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Monthly Archives: April 2013

Huffington Post Now on Cable TV

Popular news aggregator the Huffington Post will now have a presence on cable television, courtesy of Dallas Mavericks owner Mark Cuban’s cable channel AXS TV, previously known as HDNet. AXS TV will carry the Huffington Post’s eight-month-old Internet channel, HuffPost Live, for six hours a day, and replicate some of the interactivity of the online experience by showing online comments on the right side of the TV screen and releasing an app that will allow viewers to comment on what they are watching.

More from the New York Times:

The unorthodox deal may help expose HuffPost Live to more people. But it also underscores how hard it is for Internet video start-ups to find a place on cable systems, which are controlled by a handful of big companies that are reluctant to add channels.

Executives at The Huffington Post have been trying for months to have their channel picked up by cable and satellite operators, with nothing to show for it yet. Other backers of Internet channels have received lukewarm receptions at best. The most successful such channel, Glenn Beck’s TheBlaze, has been picked up by Dish Network and four small cable companies and has been encouraging fans to put pressure on other operators.

In an interview, Roy Sekoff, the president and co-creator of HuffPost Live, did not rule out full-blown cable distribution in the future. He said AXS provided “a way to get on now,” emphasizing “now.”

The telecast will start on May 13. It will be shown weekdays from 10 a.m. to 4 p.m. Eastern time (the first half of HuffPost Live’s daily output), replacing the random assortment of repeats that AXS currently schedules during the day. Mr. Sekoff said The Huffington Post was not paying for the distribution, and AXS is not paying for the programming; the arrangement is mutually beneficial, he suggested, something that Mr. Cuban affirmed in a separate interview.

“It’s an opportunity for both of us to grow our audiences during the day,” he said.

AXS has existed since last July, when Mr. Cuban teamed up with Ryan Seacrest, the talent agency Creative Artists Agency and the events company Anschutz Entertainment Group to reformat HDNet, which Mr. Cuban helped to found in 2001. In February another company, the CBS Corporation, took an equity stake in AXS and said it would provide programming and promotional opportunities.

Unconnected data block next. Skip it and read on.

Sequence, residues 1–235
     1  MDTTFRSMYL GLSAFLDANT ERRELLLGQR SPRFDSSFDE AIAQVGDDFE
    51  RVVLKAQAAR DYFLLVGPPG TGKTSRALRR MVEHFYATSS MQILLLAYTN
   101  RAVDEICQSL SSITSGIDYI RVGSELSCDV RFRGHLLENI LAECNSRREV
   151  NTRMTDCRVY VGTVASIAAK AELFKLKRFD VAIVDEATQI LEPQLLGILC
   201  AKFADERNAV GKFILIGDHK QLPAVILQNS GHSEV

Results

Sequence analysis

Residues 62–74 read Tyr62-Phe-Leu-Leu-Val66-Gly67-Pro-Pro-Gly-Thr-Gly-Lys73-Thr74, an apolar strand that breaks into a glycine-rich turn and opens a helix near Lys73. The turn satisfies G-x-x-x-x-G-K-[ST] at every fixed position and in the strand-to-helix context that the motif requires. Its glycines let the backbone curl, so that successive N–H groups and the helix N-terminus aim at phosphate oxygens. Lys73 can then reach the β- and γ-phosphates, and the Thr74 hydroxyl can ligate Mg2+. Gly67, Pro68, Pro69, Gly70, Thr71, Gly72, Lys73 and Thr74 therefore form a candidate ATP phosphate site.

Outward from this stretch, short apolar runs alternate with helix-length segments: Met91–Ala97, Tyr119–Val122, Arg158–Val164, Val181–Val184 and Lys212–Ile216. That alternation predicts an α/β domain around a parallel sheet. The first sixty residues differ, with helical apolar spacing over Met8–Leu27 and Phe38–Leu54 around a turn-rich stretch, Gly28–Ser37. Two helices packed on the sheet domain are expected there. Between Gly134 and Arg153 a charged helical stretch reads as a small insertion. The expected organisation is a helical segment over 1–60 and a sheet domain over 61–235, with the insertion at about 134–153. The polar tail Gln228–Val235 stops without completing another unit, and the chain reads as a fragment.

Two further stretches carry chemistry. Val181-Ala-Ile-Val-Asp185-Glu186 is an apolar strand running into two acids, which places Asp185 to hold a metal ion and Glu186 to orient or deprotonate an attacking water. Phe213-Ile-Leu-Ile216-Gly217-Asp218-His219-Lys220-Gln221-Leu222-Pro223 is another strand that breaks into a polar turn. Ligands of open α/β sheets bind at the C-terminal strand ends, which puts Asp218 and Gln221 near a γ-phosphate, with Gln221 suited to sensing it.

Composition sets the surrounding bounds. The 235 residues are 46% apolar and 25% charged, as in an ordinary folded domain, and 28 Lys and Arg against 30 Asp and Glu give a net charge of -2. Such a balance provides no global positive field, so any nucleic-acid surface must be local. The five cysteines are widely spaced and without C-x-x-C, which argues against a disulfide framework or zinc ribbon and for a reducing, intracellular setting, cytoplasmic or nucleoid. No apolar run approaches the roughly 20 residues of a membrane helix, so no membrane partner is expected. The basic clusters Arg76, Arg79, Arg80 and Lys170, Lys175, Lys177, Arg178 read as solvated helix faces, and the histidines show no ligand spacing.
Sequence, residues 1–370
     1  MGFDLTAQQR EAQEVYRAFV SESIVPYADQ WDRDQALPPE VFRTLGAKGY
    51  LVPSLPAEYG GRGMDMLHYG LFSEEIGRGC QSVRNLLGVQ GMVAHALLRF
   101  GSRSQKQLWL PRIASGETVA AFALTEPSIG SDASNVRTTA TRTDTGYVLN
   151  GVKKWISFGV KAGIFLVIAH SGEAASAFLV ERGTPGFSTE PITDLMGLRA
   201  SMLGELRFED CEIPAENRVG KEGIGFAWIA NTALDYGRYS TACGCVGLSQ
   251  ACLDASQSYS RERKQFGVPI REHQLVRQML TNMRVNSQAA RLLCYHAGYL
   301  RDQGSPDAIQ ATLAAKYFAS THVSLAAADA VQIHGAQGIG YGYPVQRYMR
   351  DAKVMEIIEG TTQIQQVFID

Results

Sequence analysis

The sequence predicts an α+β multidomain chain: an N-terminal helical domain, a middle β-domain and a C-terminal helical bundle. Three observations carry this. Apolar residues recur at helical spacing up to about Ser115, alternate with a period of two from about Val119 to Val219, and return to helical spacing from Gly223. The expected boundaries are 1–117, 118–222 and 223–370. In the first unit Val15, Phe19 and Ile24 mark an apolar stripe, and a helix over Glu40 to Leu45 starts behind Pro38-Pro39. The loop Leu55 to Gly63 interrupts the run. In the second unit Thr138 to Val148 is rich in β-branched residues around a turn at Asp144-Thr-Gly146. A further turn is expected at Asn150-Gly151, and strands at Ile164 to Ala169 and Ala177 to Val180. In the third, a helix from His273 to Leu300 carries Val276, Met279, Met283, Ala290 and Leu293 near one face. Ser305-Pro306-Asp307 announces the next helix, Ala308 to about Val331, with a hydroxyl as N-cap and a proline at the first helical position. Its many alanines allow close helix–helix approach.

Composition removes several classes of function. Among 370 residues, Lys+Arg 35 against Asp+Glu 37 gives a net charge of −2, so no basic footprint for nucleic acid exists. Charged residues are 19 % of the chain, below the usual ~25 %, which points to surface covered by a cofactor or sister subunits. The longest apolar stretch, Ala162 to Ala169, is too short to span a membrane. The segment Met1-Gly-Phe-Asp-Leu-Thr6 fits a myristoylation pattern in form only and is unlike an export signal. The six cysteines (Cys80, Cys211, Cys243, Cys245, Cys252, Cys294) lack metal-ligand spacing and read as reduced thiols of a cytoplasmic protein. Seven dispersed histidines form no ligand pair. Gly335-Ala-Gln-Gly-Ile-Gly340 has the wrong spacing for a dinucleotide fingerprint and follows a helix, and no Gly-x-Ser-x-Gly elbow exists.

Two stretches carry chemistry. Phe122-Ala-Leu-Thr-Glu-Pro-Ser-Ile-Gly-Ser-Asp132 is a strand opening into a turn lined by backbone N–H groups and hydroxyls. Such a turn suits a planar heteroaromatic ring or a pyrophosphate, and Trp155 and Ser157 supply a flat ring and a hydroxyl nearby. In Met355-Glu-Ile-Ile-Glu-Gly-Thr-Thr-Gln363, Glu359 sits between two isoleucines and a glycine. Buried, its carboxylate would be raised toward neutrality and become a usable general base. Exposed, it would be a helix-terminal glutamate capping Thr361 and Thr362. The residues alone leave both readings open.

The fact that online channels, even popular ones, are still trying to get on cable TV is a good sign for cable television’s continued existence.

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Broadband Internet Project in West Virginia Nears Completion

In one of many projects to expand high speed internet throughout rural parts of the United States, Frontier Communications is wrapping up work on projects expanding fiber optic internet access throughout West Virginia. 583 miles of fiber-optic cable has been installed to schools, libraries and other public facilities, with seven miles of cable remaining to be installed.

More from the Marietta Times:

The work is part of the state’s $126.3 million federal stimulus project to expand broadband service. Frontier is to receive about $45 million for its work. As of Friday, the state had paid the company $9.6 million.

“The Office of Technology is in the process of working with the grant implementation team to ensure accuracy and documentation of all invoices and payments,” Department of Administration spokeswoman Diane Holley-Brown told the newspaper.

Holley-Brown said Frontier bills the state when it completes fiber construction at each location.

“A large proportion of the Frontier fiber builds has been invoiced, and some of those are being processed for payment,” Holley-Brown said. “However, … they do not submit the invoice until all work on that specific build is completed.”

A Frontier spokesman referred questions to the state officials overseeing the federal stimulus project.